For 19th Century Hobos and 21st Century Executives
By Bo Keeley

An ethical code was created by Tourist Union #63 at its 1889 National Hobo Convention in St. Louis, Missouri. One century later at the Britt, Iowa, National Hobo Convention a hobo in paint-spattered overalls sided me and said I might like to join Tourist Union #63.

The story goes that in the mid-1800s several hobos found themselves in a jungle next to a mainline with something in common. They all had been repeatedly kicked out of RR yards, off trains, and out of towns because they had no visible means of support. It did no good to explain they were migratory hobos, and they had all seen the insides of the cross-bar hotel.

A nationwide organization was needed to protect the hobo migrant workers’ passage, and the grassroots Tourist Union #63 was formed on the spot. The articles stated that every hobo would not be prosecuted for vagrancy while riding to or in any town attempting to gain even a few hours of employment.

Sixty-three founding hobos were present that afternoon; hence the union name. It was registered in Cincinnati, Ohio, and in August of each year—in Britt starting from 1900—the Tourist Union #63 held a National Hobo Convention to renew friendships, collect annual dues, and sign up new members.

I gave him $5 and he handed me a booklet to sign after I’d studied and agreed to the Hobo Code of Ethics, and then turned on his heels and walked away.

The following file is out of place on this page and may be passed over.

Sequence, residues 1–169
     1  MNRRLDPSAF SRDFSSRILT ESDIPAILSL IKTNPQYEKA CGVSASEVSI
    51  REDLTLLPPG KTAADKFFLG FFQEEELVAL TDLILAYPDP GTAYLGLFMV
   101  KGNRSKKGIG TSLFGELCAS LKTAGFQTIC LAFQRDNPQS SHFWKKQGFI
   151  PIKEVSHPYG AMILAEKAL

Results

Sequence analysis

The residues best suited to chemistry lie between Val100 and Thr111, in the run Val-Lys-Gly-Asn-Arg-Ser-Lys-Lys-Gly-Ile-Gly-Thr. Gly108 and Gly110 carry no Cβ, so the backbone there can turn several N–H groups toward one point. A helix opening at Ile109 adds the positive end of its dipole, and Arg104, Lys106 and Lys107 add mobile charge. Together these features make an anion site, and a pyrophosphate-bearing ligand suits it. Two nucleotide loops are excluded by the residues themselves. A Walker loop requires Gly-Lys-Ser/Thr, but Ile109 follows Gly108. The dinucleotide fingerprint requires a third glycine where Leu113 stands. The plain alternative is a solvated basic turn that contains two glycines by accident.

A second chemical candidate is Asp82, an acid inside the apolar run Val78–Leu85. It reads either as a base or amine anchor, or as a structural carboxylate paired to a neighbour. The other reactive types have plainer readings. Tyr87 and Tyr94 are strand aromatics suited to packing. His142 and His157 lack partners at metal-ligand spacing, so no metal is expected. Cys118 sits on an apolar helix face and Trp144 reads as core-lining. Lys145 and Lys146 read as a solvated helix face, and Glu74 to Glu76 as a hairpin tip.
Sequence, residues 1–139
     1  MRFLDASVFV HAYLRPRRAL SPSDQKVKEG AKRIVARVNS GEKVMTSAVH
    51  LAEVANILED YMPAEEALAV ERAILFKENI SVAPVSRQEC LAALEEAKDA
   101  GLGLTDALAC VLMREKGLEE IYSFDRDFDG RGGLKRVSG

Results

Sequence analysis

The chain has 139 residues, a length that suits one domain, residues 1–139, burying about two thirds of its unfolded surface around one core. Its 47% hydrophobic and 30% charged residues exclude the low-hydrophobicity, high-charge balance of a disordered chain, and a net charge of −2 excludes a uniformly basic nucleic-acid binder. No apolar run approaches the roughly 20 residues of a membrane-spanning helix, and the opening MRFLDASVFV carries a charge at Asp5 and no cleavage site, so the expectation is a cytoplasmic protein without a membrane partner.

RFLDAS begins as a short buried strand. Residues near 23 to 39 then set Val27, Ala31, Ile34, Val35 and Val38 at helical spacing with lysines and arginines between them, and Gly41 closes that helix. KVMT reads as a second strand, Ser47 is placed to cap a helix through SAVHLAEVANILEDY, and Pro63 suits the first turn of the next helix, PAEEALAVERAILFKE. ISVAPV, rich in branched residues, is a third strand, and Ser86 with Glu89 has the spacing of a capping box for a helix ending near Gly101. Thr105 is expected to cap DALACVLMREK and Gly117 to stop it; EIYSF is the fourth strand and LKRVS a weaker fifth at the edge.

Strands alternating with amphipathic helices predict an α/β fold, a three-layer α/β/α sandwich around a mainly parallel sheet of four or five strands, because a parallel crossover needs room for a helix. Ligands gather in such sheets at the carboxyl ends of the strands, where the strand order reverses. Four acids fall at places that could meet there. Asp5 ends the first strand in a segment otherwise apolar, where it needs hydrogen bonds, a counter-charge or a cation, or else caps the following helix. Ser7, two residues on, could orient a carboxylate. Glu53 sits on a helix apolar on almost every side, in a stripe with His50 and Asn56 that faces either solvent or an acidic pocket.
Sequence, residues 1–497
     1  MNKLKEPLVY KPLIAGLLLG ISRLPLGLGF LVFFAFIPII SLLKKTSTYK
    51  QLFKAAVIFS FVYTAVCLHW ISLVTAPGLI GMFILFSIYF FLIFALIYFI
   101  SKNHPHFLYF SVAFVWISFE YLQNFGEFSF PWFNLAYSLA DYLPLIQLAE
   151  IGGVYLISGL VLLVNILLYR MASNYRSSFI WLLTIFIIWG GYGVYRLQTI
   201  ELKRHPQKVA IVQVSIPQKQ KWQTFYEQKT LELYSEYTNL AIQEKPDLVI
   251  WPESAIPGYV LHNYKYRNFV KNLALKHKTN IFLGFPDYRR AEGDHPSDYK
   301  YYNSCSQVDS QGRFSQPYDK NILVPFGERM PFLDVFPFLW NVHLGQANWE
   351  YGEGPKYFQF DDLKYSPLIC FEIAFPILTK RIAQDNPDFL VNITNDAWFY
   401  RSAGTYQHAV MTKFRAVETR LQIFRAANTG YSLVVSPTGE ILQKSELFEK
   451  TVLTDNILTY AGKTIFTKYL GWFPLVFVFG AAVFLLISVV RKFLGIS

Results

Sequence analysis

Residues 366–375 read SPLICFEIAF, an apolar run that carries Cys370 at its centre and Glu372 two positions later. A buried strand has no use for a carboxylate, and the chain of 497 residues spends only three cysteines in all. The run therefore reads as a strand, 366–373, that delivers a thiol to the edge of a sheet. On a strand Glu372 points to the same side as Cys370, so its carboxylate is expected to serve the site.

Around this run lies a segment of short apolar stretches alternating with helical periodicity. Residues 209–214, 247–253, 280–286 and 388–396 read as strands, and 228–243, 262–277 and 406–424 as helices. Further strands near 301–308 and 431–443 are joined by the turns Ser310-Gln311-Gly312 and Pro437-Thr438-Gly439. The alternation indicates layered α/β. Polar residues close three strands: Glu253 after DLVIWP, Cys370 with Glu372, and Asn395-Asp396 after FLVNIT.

The code reads this way and I show it to my executives for their amusement and edification:

  1. Decide your own life, don’t let another person run or rule you.
  2. When in town, always respect the local law and officials, and try to be a gentleman at all times.
  3. Don’t take advantage of someone who is in a vulnerable situation—locals or other hobos.
  4. Always try to find work, even if temporary, and always seek out jobs nobody wants. By doing so you not only help a business along, but ensure employment should you return to that town again.
  5. When no employment is available, make your own work by using your added talents at crafts.
  6. Do not allow yourself to become a stupid drunk and set a bad example for locals’ treatment of other hobos.
  7. When jungling in town, respect handouts, do not wear them out, another hobo will be coming along who will need them as bad, if not worse than you.
  8. Always respect nature, do not leave garbage where you are jungling.
  9. If in a community jungle, always pitch in and help.
  10. Try to stay clean, and boil up wherever possible.
  11. When traveling, ride your train respectfully, take no personal chances, cause no problems with the operating crew or host railroad, act like an extra crew member.
  12. Do not cause problems in a train yard, another hobo will be coming along who will need passage through that yard.
  13. Do not allow other hobos to molest children; expose all molesters to authorities, they are the worst garbage to infest any society.
  14. Help all runaway children and encourage them to return home.
  15. Help your fellow hobos whenever and wherever needed, you may need their help someday.
  16. If present at a hobo court and you have testimony, give it. Whether for or against the accused, your voice counts!